My love-hate relationship with LuaJIT

published 2015-06-18 [ home ]

Clarification: The title is exaggerated. I have never hated LuaJIT, I just went back to using PUC Lua primarily.

I started using Lua in early 2007. I had already been programming for years, but I had reached a point where I had decided that I wanted to know exactly what was going on when my computer executed dynamic code. That meant understanding two critical pieces of the software stack: the OS and the interpreter.

I already had notions of how an interpreter works and I could tell the main functions of a Unix kernel, but really understanding software, for me, implied reading its source code. I quickly realized that I would not succeed if I started with Perl or Python and Linux, which were what I was using at the time, so I set my sights on Lua and Minix3.

Knowing software also implies using it, so Minix3 and Lua became my main OS and language for several months. To be honest, I was running Minix3 in a VM due to the lack of drivers for my hardware. I started to study their code, with the help of the book for Minix3 and resources found online for Lua. I learnt a lot during that period.

Eventually, I went back to Linux for practical reasons, but I had been charmed by the down-to-Earth elegance of Lua. It became my favorite programming language. I was still a student though, so I mostly wrote small utilities, Web pages and game prototypes with it. Coursework was Java, Python and C, and for “serious” stuff at ResEl I used Perl, Python or Bash.

Then in 2010 I went to Moodstocks for my MSc Thesis. We were a very tiny startup then, just the founders and a couple of interns. They were a Ruby and C++ shop, so I learnt Ruby, but I didn’t like it: too much magic, and the object-oriented interface to write bindings was a mess compared to the very clean Lua C API.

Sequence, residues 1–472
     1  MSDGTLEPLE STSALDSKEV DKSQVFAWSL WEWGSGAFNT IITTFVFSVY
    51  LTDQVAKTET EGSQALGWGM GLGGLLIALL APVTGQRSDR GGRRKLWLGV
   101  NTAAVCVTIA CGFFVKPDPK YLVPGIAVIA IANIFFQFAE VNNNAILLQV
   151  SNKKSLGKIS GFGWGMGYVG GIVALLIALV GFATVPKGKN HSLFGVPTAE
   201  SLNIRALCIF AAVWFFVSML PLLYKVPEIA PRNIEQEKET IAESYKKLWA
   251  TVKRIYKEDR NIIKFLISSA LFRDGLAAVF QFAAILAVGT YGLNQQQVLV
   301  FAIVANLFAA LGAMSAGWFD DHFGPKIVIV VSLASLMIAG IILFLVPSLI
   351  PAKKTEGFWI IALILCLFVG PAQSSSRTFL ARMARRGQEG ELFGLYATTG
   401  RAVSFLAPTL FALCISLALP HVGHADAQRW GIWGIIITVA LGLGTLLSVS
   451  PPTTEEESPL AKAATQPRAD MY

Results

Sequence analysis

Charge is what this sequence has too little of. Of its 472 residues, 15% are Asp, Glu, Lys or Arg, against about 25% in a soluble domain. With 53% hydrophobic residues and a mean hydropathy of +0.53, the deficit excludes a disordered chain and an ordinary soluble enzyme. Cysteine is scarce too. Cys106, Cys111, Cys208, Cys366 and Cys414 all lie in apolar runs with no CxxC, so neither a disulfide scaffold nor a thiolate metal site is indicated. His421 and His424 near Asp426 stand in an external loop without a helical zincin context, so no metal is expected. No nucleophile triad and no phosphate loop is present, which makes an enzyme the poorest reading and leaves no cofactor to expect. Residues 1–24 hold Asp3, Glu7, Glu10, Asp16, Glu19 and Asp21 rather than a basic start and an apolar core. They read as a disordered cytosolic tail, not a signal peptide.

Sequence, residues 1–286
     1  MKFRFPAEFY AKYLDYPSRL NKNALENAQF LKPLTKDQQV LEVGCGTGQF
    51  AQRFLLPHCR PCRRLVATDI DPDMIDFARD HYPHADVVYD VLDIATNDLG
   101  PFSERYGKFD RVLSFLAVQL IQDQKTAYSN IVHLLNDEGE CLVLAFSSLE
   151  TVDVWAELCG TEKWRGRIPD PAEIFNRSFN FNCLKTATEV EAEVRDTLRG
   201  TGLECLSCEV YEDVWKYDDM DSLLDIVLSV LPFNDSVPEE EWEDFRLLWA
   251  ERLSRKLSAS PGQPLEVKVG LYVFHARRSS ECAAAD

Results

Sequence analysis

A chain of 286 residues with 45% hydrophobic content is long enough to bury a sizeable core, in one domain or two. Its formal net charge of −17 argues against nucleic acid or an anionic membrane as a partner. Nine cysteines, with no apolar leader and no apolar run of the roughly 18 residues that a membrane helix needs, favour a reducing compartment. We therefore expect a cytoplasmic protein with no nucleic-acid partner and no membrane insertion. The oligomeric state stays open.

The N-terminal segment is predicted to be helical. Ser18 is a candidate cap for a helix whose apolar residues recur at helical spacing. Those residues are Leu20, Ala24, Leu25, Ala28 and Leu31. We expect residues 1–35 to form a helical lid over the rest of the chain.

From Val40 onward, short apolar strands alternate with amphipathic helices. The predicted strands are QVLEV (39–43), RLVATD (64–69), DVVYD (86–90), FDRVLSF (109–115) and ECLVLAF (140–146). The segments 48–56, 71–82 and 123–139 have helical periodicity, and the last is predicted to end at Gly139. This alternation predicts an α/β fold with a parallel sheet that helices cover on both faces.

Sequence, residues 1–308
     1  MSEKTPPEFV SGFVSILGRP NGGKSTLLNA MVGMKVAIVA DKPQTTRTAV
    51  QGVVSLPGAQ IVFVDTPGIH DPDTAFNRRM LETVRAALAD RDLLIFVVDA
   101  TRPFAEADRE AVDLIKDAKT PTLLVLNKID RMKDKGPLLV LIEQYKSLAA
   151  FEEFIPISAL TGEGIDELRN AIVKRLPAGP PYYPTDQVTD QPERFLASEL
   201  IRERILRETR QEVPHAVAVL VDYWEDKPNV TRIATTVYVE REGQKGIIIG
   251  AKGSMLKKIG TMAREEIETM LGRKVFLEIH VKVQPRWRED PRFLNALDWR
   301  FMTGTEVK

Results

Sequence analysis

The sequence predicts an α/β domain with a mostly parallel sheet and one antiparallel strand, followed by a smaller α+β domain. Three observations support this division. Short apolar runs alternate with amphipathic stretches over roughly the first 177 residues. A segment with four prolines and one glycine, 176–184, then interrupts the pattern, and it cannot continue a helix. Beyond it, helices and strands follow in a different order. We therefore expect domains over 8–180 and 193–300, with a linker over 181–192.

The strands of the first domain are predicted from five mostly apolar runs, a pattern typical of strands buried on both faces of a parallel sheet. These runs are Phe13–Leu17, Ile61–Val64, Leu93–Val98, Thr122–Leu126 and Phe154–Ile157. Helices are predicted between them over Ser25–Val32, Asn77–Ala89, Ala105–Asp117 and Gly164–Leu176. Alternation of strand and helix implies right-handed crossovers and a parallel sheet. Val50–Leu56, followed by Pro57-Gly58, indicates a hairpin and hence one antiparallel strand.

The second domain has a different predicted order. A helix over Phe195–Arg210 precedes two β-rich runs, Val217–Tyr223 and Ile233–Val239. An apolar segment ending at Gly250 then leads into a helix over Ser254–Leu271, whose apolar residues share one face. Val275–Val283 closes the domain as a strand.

Eventually, Moodstocks hired me and I worked for them for over three years. I ended up writing most of their server-side code, I already gave details here. A lot of that code leveraged LuaJIT. It was the perfect tool for the job: as flexible and dynamic as Ruby so it worked well as a scripting language, about as fast as C++ so it could be used to implement Computer Vision algorithms, and the FFI made it very easy to call into our existing C / C++ libraries.

Those are the features that make LuaJIT so attractive: its blazing speed and the FFI. They are why I could write Lua professionally for several years, and I could never thank Mike Pall enough for this. Moreover, LuaJIT has been playing a huge role in the growing popularity of Lua those last few years.

However, paradoxically, LuaJIT negates the very reason that made me pick Lua in the first place. And by that I mean: I do not deeply understand how LuaJIT works. I have tried, and I will certainly try again, but it is one or two orders of magnitude more complicated than PUC Lua.

Beyond the purist ideal of understanding the whole stack, this has practical implications. When you find a bug in LuaJIT, understanding it and fixing it is terribly complicated. The best I can do is usually to try to produce a small test case that reproduces the bug (even that is not always easy) and hope Mike Pall finds a fix. With PUC Lua I could probably fix it myself - but of course PUC Lua is so simple that I have never found a bug in it!

Another issue is that PUC Lua and LuaJIT are diverging. LuaJIT implements Lua 5.1. Lua 5.2 code can be made to work as long as it does not use _ENV, but code that leverages the new features in Lua 5.3 is not supported at all (although modules like lua-compat-5.3 can probably help). On the other hand, more and more modules require the FFI, making them incompatible with PUC Lua (of course I am a culprit of that myself). And to top it all, the interpreters work so differently that efficient code in LuaJIT is not necessarily good in PUC Lua, and vice versa.

These days, the purist, simplicity-loving part of me tends to win over the pragmatist in my (rare) non-work code, and my current target of choice is PUC Lua. At work, I write almost exclusively C and almost no Lua, and the little I do write runs on a machine which does not support LuaJIT. The only reasons I still use LuaJIT are maintenance of luajit-msgpack-pure and my use of OpenResty, which for my purposes could as well be built with PUC Lua instead.

That being said, I like knowing that I could take my Lua code and, with a few tweaks and a change of interpreter, get a serious performance boost. So I still hope someone (if not Mike Pall) will make a version of LuaJIT that supports the Lua 5.3 interface. Otherwise, I guess I can still decide that learning more about JIT compilation is worth it and spend a few months diving into that LuaJIT codebase!

Oh, and by the way, with this whole systemd thing, I am semi-seriously considering giving Minix3 a second chance :)